Don’t Mess With Airline Culture. Scott Kirby Pauses Employee Compensation Lottery Program at United Airlines

Scott Kirby should know by now not to mess with the culture of a workforce at a company in general — especially at an airline — as the negative effects could resonate to the customer; and the unintended positive effects could ultimately work against him.

Don’t Mess With Airline Culture. Scott Kirby Pauses Employee Compensation Lottery Program at United Airlines

As I arrived to volunteer to mentor entrepreneurs with promising ventures for the twelfth consecutive week at a business training accelerator program of the Goizueta Business School of Emory University last night, the program director walked up to me and asked me if I had heard about what happened at United Airlines.

“I wrote two articles about it already,” I replied, as he knows I write articles for The Gate.

As a graduate of the business school and having earned a Master of Business Administration degree himself, he could not believe that executive management at United Airlines actually thought they could pull off what is being called a lottery in place of a quarterly bonus program.

“At least keep the bonus program in place and offer extra compensation for those few who deserve it,” he said.

“It was nothing more than a cost-cutting measure,” I replied — and guess what: if enough costs and expenses are cut, that could mean incentive bonuses for executives who are already earning too much compensation. Pure and simple.

Putting Lipstick on a Pig

Incensed employees of United Airlines were rather intensely vocal about the modified incentive program — which included a petition that was suddenly closed — that on Monday, March 5, 2018, Scott Kirby sent an internal memorandum to employees of the airline:

Dear United colleagues,

Since announcing our planned changes to the quarterly operations incentive program, we have listened carefully to the feedback and concerns you’ve expressed.

Our intention was to introduce a better, more exciting program, but we misjudged how these changes would be received by many of you.

So, we are pressing the pause button on these changes to review your feedback and consider the right way to move ahead. We will be reaching out to work groups across the company, and the changes we make will better reflect your feedback.


Please allow me to translate the corporate-speak of this message to its perceived real meaning:

Dear Subordinates,

Since announcing our planned changes to the quarterly operations incentive program, we could not help but hear over and over again your incessant whining about the changes we wanted to make to your precious bonuses.

Our intention was to save millions of dollars for the airline under the guise of introducing a better, more exciting program with you in mind — yeah, right — for a chance to put more money in our pockets; but we misjudged your intelligence, as we had no idea that you could see right through what we were trying to do.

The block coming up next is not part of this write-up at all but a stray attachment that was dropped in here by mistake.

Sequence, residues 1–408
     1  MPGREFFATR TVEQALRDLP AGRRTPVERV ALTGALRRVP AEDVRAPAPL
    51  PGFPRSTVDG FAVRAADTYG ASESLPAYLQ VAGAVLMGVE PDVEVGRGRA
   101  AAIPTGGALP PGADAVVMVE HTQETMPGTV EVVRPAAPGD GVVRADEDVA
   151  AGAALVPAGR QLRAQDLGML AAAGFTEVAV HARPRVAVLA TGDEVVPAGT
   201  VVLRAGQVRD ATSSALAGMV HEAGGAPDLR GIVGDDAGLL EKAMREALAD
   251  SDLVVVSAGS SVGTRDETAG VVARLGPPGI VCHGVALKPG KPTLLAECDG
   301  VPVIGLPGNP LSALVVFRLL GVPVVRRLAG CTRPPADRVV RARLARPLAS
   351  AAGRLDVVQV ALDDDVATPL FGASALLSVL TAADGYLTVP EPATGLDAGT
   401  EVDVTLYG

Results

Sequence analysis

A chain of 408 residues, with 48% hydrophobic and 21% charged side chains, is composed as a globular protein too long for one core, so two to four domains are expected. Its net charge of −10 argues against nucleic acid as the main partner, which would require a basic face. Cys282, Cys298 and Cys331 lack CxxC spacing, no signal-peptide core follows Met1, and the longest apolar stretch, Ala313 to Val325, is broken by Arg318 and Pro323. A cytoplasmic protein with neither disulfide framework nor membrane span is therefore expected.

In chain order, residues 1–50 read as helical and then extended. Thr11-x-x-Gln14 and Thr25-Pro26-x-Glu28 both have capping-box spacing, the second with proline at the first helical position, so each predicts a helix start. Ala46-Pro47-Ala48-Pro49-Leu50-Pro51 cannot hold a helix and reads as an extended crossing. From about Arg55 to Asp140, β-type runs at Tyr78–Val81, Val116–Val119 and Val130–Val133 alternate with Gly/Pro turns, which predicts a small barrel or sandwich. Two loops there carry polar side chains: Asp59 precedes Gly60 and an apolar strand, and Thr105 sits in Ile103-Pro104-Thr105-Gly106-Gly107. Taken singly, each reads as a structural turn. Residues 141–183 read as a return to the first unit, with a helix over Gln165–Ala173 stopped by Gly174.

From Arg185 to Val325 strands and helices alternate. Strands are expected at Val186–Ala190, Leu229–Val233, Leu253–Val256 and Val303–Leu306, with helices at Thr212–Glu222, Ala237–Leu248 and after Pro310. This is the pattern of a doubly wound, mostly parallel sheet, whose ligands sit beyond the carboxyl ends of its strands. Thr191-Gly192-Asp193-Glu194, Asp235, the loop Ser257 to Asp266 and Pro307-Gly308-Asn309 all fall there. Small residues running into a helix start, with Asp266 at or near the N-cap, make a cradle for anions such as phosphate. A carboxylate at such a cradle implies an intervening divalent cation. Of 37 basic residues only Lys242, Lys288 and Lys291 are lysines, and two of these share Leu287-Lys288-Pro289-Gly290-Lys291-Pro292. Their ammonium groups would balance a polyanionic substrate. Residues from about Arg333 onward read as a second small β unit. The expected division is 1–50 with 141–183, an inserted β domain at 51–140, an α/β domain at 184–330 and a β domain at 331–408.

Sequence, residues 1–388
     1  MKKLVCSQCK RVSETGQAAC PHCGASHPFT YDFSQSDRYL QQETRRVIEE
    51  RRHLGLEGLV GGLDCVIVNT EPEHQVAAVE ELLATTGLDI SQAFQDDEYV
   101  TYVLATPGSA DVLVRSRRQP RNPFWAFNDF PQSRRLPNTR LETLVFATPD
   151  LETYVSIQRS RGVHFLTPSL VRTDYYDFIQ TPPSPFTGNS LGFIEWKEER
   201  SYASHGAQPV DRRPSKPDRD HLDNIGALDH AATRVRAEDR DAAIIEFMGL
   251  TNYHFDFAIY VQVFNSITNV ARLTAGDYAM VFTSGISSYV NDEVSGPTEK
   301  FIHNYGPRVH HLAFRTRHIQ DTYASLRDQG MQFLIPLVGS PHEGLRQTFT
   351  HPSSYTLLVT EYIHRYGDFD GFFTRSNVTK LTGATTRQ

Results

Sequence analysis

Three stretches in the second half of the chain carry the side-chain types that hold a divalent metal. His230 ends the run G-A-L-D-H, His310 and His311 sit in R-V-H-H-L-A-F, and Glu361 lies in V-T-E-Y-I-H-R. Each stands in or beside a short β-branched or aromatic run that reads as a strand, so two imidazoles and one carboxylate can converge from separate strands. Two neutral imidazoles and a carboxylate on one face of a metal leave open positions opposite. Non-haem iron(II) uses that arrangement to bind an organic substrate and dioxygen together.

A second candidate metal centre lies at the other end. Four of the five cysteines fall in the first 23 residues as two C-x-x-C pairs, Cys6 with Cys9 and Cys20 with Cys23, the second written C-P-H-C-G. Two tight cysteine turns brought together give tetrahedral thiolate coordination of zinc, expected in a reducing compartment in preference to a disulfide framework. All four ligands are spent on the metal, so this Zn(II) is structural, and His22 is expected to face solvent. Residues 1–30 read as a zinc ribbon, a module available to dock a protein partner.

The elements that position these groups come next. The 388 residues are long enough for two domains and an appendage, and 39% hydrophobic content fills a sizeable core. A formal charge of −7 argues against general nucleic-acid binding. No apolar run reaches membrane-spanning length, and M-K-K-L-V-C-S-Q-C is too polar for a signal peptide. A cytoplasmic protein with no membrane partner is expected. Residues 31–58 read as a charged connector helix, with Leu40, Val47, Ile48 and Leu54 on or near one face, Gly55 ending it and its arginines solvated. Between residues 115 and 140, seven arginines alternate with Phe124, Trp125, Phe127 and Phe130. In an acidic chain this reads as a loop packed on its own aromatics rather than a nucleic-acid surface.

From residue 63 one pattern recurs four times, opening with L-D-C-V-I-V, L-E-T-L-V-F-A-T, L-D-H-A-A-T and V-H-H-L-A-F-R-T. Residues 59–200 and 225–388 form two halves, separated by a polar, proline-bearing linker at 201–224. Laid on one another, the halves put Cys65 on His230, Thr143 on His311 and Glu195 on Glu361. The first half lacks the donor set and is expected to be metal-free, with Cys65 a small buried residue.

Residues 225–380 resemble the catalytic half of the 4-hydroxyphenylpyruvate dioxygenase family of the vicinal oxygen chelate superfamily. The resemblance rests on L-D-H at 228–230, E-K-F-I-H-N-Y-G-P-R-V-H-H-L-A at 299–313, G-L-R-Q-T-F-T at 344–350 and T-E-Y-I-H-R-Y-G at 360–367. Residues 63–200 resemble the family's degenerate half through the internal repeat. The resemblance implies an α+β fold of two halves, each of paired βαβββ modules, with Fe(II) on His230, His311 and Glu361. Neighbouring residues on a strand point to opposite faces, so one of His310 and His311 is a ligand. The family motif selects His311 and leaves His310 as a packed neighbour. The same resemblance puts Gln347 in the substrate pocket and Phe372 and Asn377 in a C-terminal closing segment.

So, we are delaying the implementation of the new incentive program until we could figure out a better way to fool you. We will be reaching out to work groups across the company to judge just how smart they are — which is something we should have done in the first place; and the changes we make will better reflect your feedback — whether you like them or not.


Your superior

Did management at United Airlines really think that their employees would be foolish enough into thinking — and actually believing — that the intended changes to the quarterly operations incentive program would actually benefit them?

Not the First Time Scott Kirby Played With Fire Known as Airline Culture

Before being named the current president of United Airlines and United Continental Holdings, Incorporated on Monday, August 29, 2016, J. Scott Kirby served as the president of American Airlines, Incorporated from Monday, December 9, 2013 through Friday, September 2, 2016; as well as president of American Airlines Group Incorporated.

Monday, December 9, 2013 is the day American Airlines and US Airways had officially legally merged and dethroned United Airlines as the largest commercial airline in the world. Kirby served as the president of US Airways Group, Incorporated and US Airways Incorporated since Sunday, October 1, 2006; and prior to that, he served as the executive vice president of sales and marketing — which is the role he had since September of 2001 at America West Airlines before its merger with US Airways.

Douglas Parker was the chief executive officer of America West Airlines; then US Airways; and then American Airlines — all through mergers and acquisitions. Parker and Kirby were a team…

…the same team which attempted to orchestrate a hostile takeover of Delta Air Lines — while the airline was undergoing bankruptcy reorganization since Wednesday, September 14, 2005 — by suddenly bidding $8 billion on the beleaguered airline on Wednesday, November 15, 2006. Thinking that they could take advantage of the perceived vulnerability of Delta Air Lines in 2006, their plans backfired significantly when employees, stockholders, politicians, creditors and customers rallied together under a movement coined Keep Delta My Delta.

Needless to say, the hostile takeover bid was soundly rejected. “Parker wanted to be the chief executive officer of the largest commercial airline in the world when US Airways attempted a hostile takeover of Delta Air Lines back in November of 2006; but his intentions were thwarted by the Keep Delta My Delta campaign”, I wrote in this article pertaining to the combining of the operating certificates of US Airways and American Airlines into one single operating certificate as approved by the Federal Aviation Administration of the United States back on October 17, 2015. “He finally realized his dream officially as of today.”